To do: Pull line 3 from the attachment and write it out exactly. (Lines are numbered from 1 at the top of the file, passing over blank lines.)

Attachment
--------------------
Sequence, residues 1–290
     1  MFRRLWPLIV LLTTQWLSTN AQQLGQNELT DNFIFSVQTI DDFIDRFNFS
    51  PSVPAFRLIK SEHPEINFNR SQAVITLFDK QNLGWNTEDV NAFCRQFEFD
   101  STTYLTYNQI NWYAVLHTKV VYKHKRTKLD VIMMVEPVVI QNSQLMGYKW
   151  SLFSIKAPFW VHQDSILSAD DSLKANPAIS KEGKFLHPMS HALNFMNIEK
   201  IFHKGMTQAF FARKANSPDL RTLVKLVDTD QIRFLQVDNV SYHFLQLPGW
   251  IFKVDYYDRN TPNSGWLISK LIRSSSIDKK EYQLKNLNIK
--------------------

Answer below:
    51  PSVPAFRLIK SEHPEINFNR SQAVITLFDK QNLGWNTEDV NAFCRQFEFD